How to read a serial string from a certain start character?

Hello, I want to read a certain string from the serial buffer from a certain start character. I am currently using readStringUntil() for the first half of the message but I don't know how to read the second half. I do have a termination character on the first half of the message.

If you know how to use findUntil(), it's strange that you can't find readStringUntil() just slightly farther down the page. https://www.arduino.cc/en/Reference/Stream

Sorry that is a typo I meant readStringUntil()

but I don't know how to read the second half.

Read one character at a time until the end character arrives. Knowing what that happens is the key.

If you want to read all available data, and any that becomes available before a timeout happens, use readString().

Even better: Throw the crutch away and use char arrays.

econjack: Even better: Throw the crutch away and use char arrays.

We were going to get there...

Have a look at serial input basics.

It has example with start- and endmarker that might be applicable. And once you're stuck, don't forget to post a sample data and what needs to be extracted.

Neowaylight: Hello, I want to read a certain string from the serial buffer from a certain start character. I am currently using readStringUntil() for the first half of the message but I don't know how to read the second half. I do have a termination character on the first half of the message.

You can read serial chars as available (1 at a time) until you get the start char which you save and then the rest which you also save.

Like this, untested just to show how that would look

const char startChar = 'X', endChar = 0;
char ch;
char *bufPtr = buffer; // address of the buffer char array stored in char pointer bufPtr.
byte bufLen = 80;
char buffer[ 80 ];

loop()
{
  if ( Serial.available())
  {
    ch = Serial.read();
    if ( bufPtr == buffer ) // still haven't found startChar in serial
    {
      if ( ch == startChar )
      {
        *bufPtr++ = ch; // puts ch into memory at the current address in bufPtr then increments bufPtr
      }
    }
    else
    {
      if (( ch == endChar ) || ( bufPtr - buffer = bufLen - 1 ))
       {
        *bufPtr = 0;
        bufPtr = buffer; // reset the buffer
        Serial.println( buffer );
      }
      else
      {
        *bufPtr++ = ch; // puts ch into memory at the current address in bufPtr then increments bufPtr
      }
    }
  }
}

Note that this code can run other tasks, like blink a status led even as it runs.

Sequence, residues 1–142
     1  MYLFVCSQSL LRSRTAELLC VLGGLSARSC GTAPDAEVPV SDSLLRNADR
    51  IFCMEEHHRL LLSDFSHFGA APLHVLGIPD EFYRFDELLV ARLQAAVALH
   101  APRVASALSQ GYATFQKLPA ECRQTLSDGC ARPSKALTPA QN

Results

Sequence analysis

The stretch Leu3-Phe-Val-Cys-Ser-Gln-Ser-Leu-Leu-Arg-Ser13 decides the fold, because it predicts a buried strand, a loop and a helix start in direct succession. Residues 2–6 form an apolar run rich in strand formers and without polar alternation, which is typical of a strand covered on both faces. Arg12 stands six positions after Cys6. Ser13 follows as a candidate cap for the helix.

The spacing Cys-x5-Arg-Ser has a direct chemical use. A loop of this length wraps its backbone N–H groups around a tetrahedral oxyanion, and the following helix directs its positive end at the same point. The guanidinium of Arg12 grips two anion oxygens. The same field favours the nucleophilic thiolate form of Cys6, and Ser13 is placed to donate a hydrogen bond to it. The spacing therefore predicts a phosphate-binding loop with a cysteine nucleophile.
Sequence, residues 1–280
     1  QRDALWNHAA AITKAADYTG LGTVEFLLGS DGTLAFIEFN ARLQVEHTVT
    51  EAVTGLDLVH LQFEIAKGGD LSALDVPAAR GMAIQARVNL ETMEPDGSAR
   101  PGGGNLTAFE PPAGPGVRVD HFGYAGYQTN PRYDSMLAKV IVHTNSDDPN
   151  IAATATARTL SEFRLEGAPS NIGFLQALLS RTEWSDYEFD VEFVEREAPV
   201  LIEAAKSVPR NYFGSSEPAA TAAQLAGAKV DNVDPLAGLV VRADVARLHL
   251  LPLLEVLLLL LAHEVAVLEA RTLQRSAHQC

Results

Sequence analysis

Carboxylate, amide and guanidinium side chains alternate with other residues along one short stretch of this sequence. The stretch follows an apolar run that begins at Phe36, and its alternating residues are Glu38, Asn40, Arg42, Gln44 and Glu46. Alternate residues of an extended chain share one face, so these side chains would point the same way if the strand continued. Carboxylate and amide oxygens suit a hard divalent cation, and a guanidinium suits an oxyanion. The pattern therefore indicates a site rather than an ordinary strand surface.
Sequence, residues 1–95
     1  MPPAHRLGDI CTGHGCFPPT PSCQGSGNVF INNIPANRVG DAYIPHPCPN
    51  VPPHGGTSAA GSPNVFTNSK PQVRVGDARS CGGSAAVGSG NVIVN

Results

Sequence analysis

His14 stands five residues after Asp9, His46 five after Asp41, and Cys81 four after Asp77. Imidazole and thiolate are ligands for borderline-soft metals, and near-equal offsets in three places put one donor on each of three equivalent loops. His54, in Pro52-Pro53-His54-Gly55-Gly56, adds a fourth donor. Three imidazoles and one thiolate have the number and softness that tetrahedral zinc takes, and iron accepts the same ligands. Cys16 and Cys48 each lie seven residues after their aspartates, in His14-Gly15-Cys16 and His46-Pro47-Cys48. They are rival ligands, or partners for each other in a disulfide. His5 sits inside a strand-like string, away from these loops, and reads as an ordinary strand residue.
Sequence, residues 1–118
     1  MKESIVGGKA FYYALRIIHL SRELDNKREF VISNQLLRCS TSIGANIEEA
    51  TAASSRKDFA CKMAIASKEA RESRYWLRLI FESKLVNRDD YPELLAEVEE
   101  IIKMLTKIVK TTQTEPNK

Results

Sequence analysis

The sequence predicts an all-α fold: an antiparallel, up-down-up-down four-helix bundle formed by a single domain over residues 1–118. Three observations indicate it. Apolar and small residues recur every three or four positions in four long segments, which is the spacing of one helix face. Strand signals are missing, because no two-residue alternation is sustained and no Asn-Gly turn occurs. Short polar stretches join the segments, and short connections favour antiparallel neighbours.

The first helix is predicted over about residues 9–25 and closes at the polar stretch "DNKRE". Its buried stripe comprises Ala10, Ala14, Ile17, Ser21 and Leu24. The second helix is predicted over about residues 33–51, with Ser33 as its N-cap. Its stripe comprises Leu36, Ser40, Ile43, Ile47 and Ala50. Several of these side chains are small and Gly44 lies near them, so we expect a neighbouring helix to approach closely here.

Is this what you meant to write:

_ if (( ch == endChar ) || ( bufPtr - buffer = bufLen - 1 ))_

Did you mean to use the assignment operator?

Also, wouldn't it be more clear and better document your intent if you used the null termination character?

const char startChar = 'X', endChar = '\0'; // *bufPtr = '\0';

Code previously posted by somebody.

#define SOP '<'
#define EOP '>'

bool started = false;
bool ended = false;

char inData[80];
byte index;

void setup()
{
   Serial.begin(57600);
   // Other stuff...
}

void loop()
{
  // Read all serial data available, as fast as possible
  while(Serial.available() > 0)
  {
    char inChar = Serial.read();
    if(inChar == SOP)
    {
       index = 0;
       inData[index] = '\0';
       started = true;
       ended = false;
    }
    else if(inChar == EOP)
    {
       ended = true;
       break;
    }
    else
    {
      if(index < 79)
      {
        inData[index] = inChar;
        index++;
        inData[index] = '\0';
      }
    }
  }

  // We are here either because all pending serial
  // data has been read OR because an end of
  // packet marker arrived. Which is it?
  if(started && ended)
  {
    // The end of packet marker arrived. Process the packet

    // Reset for the next packet
    started = false;
    ended = false;
    index = 0;
    inData[index] = '\0';
  }
}

econjack: Is this what you meant to write:

_ if (( ch == endChar ) || ( bufPtr - buffer = bufLen - 1 ))_

Did you mean to use the assignment operator?

Also, wouldn't it be more clear and better document your intent if you used the null termination character?

const char startChar = 'X', endChar = '\0'; // *bufPtr = '\0';

No, that should be ==. I should have made a sketch while I was at it

How to break this to you? The NULL char is zero whether it's 0 or '\0'. All the \ is for is that the next digit(s) determine what numeric value the experssion '###' evaluates to.

sterretje:
Have a look at serial input basics.

It has example with start- and endmarker that might be applicable. And once you’re stuck, don’t forget to post a sample data and what needs to be extracted.

Ok got it thanks.